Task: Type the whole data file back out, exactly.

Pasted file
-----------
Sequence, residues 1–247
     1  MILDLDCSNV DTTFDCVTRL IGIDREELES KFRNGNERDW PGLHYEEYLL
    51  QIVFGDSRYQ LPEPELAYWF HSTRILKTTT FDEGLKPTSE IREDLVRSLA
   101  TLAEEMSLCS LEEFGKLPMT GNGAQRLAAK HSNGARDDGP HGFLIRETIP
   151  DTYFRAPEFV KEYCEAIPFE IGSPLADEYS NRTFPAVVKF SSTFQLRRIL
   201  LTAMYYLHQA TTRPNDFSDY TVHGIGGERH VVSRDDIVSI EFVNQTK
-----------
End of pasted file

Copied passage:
Sequence, residues 1–247
     1  MILDLDCSNV DTTFDCVTRL IGIDREELES KFRNGNERDW PGLHYEEYLL
    51  QIVFGDSRYQ LPEPELAYWF HSTRILKTTT FDEGLKPTSE IREDLVRSLA
   101  TLAEEMSLCS LEEFGKLPMT GNGAQRLAAK HSNGARDDGP HGFLIRETIP
   151  DTYFRAPEFV KEYCEAIPFE IGSPLADEYS NRTFPAVVKF SSTFQLRRIL
   201  LTAMYYLHQA TTRPNDFSDY TVHGIGGERH VVSRDDIVSI EFVNQTK